It’s hard to imagine the climax of Spike Lee’s seminal 1989 film, Do the Right Thing, without the iconic Public Enemy song “Fight the Power” blaring in the background.
But, what many people don’t know is that Spike Lee had a particular vision in mind when he commissioned the song for the film. He wanted something that would perfectly capture the defiance, anger, and energy of the movie’s final riot scene. And he knew just who to turn to: Public Enemy.
In an interview with Time, the legendary director recalled, “I wanted it to be defiant, I wanted it to be angry, I wanted it to be very rhythmic. I thought right away of Public Enemy.”
After Spike Lee got in touch with Public Enemy to do the song, they agreed on the commission and the group’s frontman Chuck D started working on it. According to the book Don’t Rhyme for the Sake of Riddlin’: The Authorised Story of Public Enemy,” Chuck D was inspired to write most of the song while flying over Italy for a tour.
“I wanted to have sorta like the same theme as the original ‘Fight the Power’ by The Isley Brothers and fill it in with some kind of modernist views of what our surroundings were at that particular time,” he told the book’s author told Russell Myrie.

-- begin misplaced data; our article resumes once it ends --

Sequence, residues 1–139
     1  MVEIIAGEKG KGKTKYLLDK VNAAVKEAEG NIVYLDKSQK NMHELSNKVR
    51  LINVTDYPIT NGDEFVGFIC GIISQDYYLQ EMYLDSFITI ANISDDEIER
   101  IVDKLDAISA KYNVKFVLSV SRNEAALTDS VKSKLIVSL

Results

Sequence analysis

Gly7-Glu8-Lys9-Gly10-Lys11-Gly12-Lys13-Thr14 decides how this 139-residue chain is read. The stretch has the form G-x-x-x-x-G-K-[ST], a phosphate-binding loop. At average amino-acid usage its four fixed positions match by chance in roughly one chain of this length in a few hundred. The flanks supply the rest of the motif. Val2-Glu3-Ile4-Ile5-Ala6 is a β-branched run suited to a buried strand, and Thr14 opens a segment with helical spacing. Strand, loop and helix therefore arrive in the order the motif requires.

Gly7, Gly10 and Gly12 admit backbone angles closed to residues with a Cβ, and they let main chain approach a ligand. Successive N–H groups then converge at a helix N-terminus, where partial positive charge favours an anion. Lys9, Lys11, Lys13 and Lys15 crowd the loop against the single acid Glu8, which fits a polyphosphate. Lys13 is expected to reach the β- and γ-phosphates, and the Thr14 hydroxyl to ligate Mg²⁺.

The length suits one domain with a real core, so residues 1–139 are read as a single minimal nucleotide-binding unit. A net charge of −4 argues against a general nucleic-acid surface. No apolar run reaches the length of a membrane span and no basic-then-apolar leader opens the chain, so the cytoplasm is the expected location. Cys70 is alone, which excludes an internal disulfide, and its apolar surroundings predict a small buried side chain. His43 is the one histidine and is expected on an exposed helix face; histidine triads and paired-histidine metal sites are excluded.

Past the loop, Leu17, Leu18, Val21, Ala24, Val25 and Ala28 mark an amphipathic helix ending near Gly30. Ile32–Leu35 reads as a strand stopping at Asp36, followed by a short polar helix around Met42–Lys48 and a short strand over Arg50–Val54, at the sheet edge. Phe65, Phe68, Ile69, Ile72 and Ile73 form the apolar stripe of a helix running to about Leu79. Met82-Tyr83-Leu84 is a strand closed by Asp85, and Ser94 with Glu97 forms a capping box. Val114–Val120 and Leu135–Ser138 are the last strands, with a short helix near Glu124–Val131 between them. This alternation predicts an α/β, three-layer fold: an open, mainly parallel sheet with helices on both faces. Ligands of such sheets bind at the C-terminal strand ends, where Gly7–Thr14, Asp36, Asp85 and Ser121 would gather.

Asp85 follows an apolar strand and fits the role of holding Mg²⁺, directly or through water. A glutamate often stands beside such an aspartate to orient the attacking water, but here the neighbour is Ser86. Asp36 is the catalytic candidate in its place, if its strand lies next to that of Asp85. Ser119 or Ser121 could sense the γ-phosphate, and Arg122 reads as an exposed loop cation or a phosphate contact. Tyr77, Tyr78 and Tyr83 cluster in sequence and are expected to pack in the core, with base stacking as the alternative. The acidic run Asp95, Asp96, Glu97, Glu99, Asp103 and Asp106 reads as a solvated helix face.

Featured during some of the most pivotal moments of the movie, “Fight the Power” became not only a hit for Public Enemy, but also a rallying cry for activists and hip-hop heads alike. The lyrics touched on themes of police brutality, racism, and political corruption, all issues that were central to the film’s narrative. Spike Lee was delighted with the song and it’s clear why; the song became the perfect accompaniment to the movie’s powerful and provocative message.
The success of “Fight the Power” on the Do the Right Thing soundtrack was just the beginning for the song. It went on to become one of Public Enemy’s most well-known songs of all time, and was also featured on the group’s iconic third album, Fear of a Black Planet. The song’s explosive energy and social commentary cemented its status as an anthem for those who resist oppression.